This treatise speaks exte nsively of the primacy of Peter and the unity of the Church is traced to Peter’s function as the rock. But the bishop of Rome is never mentioned. One inevitably asks how it was possible for a theologian to write even so short a treatise on the Catholic Church without once mentioning the pope. C. A. Kellner long ago pointed out that Cyprian’s work is a polemical treatise dealing primarily with the Novatian schism. In a time of controversy over just who was the legitimate pope, Cyprian could hardly use communion with the pope as the touchstone of the legitimacy of the other bishops. Even if this were an adequate solution, our question remains unanswered. How was it that for centuries no theologian made a clear and unmistakable statement that the bishop of Rome was the true and rightful head of the whole Catholic Church?
The scholarly Nicholas Cardinal Marini did exhaustive research on the doctrine of the primacy in the thought of St. John Chrysostom and came to the conclusion that Chrysostom undoubtedly taught a true primacy of the Apostle Peter. But in no place does Chrysostom state that this primacy passed on to specific successors. Chrysostom does not deny this, and from his premises one can easily conclude that this must be the case. Chrysostom himself, however, does not draw this conclusion. The one passage that might possibly refer to the primacy comes in his treatise on the priesthood: “Why did Christ shed his blood? To redeem the flock which he entrusted to Peter and to his successors” [The Priesthood, II, 1. PG 48, 632]. But the successors or, as Chrysostom puts it, those “after him,” could be all the bishops. He does not say that they are the Roman bishops.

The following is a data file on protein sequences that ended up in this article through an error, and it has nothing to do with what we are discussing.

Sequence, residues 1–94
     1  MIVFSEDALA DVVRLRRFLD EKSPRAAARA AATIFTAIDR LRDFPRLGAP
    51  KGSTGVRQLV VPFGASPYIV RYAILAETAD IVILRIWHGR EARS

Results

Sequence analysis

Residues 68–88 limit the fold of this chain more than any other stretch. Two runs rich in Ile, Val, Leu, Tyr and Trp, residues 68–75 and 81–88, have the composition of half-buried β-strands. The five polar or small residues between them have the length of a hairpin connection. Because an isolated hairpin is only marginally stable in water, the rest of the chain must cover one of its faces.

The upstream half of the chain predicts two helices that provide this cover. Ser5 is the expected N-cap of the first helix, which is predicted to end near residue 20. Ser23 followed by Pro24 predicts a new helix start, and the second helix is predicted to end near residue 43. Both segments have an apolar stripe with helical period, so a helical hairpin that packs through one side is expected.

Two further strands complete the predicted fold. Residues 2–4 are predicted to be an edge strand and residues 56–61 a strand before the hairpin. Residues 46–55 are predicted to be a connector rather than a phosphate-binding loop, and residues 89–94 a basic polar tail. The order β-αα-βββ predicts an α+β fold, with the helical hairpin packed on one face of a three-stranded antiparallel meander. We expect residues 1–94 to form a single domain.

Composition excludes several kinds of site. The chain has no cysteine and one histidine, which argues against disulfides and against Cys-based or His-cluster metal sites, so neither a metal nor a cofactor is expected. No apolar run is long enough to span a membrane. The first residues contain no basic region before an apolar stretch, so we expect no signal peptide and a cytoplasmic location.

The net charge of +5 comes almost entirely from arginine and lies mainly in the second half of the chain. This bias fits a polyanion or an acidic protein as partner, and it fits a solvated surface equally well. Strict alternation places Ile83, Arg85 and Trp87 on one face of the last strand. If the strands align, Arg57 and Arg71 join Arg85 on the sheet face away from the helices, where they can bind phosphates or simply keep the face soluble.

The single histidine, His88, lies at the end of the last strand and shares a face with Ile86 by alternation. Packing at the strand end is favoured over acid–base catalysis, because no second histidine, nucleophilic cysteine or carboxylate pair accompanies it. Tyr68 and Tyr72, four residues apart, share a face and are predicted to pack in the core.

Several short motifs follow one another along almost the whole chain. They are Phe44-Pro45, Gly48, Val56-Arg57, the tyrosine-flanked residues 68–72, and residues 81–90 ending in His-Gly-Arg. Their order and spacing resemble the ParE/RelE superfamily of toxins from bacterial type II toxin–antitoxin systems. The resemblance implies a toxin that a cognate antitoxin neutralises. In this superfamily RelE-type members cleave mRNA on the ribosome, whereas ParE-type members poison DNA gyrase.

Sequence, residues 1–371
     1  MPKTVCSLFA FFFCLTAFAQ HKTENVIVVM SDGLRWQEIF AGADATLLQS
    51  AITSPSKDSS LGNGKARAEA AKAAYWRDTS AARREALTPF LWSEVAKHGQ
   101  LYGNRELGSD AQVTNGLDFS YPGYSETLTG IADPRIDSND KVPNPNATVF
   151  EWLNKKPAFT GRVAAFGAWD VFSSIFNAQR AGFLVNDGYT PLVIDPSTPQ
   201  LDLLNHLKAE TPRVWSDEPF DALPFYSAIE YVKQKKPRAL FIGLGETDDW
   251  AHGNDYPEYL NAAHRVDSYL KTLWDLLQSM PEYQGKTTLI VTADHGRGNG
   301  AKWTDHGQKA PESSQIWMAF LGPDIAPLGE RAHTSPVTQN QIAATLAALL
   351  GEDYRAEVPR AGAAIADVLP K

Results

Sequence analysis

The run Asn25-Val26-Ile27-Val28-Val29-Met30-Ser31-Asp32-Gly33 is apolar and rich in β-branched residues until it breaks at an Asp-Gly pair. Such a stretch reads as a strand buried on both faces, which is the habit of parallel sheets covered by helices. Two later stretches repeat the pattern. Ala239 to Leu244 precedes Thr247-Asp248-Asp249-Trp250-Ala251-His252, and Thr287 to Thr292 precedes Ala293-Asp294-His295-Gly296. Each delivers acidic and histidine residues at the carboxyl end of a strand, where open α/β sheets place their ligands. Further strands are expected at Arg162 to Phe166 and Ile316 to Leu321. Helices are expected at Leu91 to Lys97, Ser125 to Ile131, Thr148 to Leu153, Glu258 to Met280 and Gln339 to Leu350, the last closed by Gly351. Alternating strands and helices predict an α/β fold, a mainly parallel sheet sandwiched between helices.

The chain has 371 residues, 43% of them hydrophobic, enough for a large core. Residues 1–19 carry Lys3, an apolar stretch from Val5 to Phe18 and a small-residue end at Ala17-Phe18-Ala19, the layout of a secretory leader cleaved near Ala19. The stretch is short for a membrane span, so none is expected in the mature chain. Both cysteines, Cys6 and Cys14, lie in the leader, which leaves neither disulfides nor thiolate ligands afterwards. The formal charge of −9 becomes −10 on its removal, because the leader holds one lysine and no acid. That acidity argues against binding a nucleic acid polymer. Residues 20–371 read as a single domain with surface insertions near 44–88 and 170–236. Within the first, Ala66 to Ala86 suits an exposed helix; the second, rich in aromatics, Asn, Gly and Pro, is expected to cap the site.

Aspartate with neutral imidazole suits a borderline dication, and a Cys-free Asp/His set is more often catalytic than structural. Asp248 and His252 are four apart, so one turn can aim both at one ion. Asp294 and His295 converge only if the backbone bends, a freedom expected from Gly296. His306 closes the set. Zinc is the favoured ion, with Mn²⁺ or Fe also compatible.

How was such a thing possible at the end of the fourth century, when the claims of the Roman bishop to a primacy – and the actual exercise of some kind of primacy – were well known? How could one writing at this time and even remotely dealing with Peter and the question of jurisdiction in the Church pass over this fundamental question in silence? Chrysostom, it seems, could hardly avoid taking some kind of stand either for or against it.
In resolving this question we must guard against the error into which so many historians fall. In fact, those who speak most of development often seem least capable of imagining any stage in theological history short of that of complete development.